[iii] In this article, I do not discuss whether or not anyone goes to hell. I take no position on whether or not those in hell stay there forever. I take no position on the population statistics of hell. My article is not intended to address such matters. Moreover, my article is not intended as an exegetical commentary on Lewis’ work. Rather, my article is an examination of an interesting topic in philosophical theology. I offer a plausible interpretation of Lewis’ claim, but only for the sake of raising the topic — which is of philosophical and theological interest regardless of what Lewis believed.

[iv] Ibid., 130. It is at least logically possible for those in hell to leave. Is it psychologically feasible? Are the freely cultivated characters of hellish denizens such that it is psychologically feasible for them to leave? See Note xiii below for more on this difficult question.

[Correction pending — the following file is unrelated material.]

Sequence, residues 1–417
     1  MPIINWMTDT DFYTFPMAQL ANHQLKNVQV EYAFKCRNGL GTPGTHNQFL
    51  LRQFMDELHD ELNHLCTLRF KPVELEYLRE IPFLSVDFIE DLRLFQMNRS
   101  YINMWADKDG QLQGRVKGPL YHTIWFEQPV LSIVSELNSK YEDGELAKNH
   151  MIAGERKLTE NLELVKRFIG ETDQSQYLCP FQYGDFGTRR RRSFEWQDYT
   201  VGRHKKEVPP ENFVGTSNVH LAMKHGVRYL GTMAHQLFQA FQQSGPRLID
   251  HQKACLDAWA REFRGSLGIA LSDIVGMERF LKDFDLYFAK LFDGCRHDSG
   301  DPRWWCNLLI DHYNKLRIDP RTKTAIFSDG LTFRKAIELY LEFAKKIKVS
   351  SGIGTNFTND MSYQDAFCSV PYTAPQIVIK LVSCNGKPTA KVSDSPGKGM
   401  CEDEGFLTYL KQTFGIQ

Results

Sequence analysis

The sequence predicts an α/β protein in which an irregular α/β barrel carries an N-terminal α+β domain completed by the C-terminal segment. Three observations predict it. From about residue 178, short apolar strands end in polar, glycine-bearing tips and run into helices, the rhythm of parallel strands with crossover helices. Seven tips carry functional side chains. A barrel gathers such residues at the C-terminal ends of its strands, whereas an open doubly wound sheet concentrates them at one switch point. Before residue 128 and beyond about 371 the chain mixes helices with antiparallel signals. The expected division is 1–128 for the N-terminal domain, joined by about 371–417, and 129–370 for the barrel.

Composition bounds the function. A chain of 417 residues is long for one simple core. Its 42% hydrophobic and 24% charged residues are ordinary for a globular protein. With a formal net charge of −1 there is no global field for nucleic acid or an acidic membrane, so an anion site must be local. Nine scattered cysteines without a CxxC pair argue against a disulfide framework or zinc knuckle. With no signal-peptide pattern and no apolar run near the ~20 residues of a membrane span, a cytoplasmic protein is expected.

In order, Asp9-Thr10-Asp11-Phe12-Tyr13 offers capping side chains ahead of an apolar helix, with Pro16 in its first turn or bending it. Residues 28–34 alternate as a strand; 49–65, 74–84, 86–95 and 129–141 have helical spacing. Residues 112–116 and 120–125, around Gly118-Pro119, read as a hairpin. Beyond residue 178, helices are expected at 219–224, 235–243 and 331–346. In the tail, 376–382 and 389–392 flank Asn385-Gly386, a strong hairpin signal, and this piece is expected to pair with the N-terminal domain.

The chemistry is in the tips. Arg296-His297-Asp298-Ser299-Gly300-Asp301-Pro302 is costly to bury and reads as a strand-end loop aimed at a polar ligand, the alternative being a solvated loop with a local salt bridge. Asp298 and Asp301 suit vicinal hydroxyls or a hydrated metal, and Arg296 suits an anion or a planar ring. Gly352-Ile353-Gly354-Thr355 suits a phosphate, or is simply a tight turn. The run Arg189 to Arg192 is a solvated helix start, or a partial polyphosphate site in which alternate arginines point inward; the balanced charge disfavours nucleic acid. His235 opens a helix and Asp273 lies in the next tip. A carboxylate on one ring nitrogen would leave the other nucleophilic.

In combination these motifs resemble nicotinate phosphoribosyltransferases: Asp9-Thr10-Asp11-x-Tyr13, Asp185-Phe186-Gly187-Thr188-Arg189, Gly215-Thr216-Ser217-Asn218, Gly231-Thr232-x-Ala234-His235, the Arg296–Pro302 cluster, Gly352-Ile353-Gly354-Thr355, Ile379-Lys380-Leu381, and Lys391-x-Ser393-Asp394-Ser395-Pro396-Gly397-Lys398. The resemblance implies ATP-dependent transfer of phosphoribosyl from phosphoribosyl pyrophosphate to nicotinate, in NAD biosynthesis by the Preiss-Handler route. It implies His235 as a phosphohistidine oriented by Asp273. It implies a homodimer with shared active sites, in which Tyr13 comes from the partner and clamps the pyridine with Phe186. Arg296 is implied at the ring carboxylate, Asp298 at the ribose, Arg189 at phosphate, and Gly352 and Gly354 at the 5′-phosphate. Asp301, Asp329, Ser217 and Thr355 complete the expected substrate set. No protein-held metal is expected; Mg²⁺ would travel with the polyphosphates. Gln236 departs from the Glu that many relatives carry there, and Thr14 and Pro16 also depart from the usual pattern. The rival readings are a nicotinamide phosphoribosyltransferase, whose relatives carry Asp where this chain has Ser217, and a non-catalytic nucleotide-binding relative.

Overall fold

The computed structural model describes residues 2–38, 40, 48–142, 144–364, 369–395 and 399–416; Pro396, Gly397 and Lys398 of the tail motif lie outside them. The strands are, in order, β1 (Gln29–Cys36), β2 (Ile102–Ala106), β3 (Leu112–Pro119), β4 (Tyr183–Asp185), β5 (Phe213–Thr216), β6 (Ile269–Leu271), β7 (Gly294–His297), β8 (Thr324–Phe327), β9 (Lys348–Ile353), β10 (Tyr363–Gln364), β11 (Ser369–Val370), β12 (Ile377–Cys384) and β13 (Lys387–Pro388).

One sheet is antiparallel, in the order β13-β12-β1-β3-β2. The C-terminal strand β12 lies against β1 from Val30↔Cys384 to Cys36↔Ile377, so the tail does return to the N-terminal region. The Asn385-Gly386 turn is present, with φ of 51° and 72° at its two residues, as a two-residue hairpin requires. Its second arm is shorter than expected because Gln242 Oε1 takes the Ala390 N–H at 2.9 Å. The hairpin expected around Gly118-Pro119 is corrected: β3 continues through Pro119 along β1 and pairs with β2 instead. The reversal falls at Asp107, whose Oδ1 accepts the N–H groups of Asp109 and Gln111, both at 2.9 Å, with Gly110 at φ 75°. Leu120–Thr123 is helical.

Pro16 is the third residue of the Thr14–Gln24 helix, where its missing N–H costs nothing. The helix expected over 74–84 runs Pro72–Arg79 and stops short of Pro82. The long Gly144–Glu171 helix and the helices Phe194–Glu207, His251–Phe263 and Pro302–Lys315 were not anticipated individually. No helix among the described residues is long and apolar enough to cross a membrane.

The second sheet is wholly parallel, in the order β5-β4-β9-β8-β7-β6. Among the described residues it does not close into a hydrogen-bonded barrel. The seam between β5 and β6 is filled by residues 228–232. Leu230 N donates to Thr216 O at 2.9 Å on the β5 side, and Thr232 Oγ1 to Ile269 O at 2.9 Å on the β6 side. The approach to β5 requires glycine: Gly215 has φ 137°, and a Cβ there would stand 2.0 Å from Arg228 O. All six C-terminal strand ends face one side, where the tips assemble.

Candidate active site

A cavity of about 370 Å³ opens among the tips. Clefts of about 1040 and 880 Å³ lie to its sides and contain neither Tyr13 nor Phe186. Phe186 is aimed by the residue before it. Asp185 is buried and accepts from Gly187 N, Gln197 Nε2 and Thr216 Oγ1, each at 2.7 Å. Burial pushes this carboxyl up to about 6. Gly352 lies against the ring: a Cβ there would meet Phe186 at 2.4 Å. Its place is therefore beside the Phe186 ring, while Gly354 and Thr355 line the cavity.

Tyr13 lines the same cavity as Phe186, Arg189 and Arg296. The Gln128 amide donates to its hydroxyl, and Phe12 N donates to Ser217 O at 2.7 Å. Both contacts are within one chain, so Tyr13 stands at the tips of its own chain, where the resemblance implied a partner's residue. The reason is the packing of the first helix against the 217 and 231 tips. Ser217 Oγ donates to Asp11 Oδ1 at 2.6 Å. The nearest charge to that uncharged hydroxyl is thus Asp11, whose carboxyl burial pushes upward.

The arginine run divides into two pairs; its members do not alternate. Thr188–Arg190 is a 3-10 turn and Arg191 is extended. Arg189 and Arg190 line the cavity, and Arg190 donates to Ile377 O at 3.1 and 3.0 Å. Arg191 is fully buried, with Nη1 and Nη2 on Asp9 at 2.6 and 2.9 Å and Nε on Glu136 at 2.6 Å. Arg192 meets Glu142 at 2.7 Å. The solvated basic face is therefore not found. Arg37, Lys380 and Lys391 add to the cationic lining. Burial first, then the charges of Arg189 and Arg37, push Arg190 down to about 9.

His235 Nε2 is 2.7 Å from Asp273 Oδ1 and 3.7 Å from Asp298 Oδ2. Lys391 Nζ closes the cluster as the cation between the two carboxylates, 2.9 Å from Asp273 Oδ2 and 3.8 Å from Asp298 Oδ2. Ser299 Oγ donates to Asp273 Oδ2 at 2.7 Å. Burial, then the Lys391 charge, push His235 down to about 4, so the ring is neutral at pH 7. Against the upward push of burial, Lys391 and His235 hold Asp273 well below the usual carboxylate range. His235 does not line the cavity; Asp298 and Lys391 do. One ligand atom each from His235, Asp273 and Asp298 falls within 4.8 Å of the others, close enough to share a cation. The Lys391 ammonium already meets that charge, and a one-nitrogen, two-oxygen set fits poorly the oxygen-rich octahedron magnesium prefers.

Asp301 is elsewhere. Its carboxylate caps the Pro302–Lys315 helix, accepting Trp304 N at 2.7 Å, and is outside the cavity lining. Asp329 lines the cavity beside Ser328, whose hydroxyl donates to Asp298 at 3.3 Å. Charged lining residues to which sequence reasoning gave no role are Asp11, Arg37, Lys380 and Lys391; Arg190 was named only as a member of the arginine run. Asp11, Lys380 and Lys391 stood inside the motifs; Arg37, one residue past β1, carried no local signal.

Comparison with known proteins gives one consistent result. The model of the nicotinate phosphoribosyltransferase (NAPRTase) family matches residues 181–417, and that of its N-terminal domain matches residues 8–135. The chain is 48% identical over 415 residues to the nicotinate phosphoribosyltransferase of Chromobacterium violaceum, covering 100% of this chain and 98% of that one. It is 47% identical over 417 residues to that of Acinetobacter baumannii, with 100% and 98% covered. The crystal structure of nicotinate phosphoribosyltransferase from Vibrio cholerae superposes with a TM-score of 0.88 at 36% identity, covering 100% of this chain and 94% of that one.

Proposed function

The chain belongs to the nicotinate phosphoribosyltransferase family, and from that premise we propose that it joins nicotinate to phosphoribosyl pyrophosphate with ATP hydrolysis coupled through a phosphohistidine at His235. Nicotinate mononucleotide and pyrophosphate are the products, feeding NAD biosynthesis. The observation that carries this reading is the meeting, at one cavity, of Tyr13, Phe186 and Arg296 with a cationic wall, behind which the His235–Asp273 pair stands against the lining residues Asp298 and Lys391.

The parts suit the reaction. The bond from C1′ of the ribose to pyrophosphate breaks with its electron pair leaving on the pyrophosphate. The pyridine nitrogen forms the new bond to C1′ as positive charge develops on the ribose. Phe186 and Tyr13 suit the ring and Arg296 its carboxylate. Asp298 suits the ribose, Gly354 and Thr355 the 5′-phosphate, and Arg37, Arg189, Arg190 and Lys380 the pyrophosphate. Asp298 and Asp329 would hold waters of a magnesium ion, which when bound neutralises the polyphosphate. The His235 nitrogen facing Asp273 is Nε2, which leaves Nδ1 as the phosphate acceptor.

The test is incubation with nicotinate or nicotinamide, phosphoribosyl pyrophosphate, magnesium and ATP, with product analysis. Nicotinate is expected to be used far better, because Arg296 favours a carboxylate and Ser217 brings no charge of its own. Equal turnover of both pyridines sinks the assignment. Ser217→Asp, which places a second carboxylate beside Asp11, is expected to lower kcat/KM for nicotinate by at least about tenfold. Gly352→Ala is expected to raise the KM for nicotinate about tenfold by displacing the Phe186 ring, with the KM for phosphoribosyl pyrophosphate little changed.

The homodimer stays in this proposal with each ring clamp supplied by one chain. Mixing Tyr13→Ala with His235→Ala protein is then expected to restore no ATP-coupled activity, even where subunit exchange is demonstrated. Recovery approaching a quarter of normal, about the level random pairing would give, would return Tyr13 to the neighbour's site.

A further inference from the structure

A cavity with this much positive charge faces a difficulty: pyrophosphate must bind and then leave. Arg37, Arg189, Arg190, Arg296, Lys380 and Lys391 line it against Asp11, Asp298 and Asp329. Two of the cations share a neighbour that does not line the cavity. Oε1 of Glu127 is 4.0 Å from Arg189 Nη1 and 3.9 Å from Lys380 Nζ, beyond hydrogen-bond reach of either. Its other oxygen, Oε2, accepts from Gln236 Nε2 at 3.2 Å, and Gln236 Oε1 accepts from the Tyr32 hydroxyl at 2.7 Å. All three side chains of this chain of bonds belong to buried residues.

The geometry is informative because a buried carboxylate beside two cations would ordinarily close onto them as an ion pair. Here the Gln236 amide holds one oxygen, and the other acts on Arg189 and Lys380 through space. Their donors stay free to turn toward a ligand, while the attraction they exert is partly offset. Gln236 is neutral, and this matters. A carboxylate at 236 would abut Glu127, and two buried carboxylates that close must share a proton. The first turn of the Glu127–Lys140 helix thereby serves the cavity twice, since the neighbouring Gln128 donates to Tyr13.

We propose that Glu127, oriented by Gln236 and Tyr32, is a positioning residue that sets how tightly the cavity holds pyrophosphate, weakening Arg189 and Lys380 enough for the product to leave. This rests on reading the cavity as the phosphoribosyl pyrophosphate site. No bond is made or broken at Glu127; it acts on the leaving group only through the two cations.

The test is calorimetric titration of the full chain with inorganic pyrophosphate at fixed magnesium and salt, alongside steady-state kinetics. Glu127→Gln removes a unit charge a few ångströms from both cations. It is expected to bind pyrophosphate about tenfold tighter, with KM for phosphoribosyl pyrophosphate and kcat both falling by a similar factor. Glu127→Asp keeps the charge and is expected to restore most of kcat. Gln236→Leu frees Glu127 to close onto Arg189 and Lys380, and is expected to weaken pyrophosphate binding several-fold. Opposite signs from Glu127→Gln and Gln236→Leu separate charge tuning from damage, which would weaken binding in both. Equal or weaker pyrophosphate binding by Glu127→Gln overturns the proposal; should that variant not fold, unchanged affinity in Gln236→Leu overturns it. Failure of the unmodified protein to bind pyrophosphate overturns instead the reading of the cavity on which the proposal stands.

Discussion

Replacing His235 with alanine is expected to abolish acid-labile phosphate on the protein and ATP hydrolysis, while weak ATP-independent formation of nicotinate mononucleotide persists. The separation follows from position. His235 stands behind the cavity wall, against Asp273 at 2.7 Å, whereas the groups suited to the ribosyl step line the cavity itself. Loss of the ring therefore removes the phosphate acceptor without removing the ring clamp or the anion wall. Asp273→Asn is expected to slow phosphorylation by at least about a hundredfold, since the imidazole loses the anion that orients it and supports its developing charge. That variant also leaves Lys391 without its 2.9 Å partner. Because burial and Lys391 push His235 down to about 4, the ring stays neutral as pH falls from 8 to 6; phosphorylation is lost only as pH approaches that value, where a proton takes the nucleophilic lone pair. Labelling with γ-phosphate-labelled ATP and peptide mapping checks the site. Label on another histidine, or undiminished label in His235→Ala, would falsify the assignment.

[v] See Matthew 4:17; Mark 1:15.

[vi] See Luke 10:27; Matthew 22:37; Mark 12:30.

[vii] One might object that these commands are only for human beings prior to death and thus that the commands do not apply to human beings in hell. Given limits of space, I will not address this objection in great detail. But I will note that it is implausible to hold that human beings in hell are somehow no longer obligated to be reconciled to God. Suppose a human being in hell freely rejects God. Is this rejection somehow morally acceptable, somehow not a violation of an obligation to love God and be in harmony with him, merely because that human being is in hell? Does setting up residence in hell permit a human being to shirk a moral obligation toward God?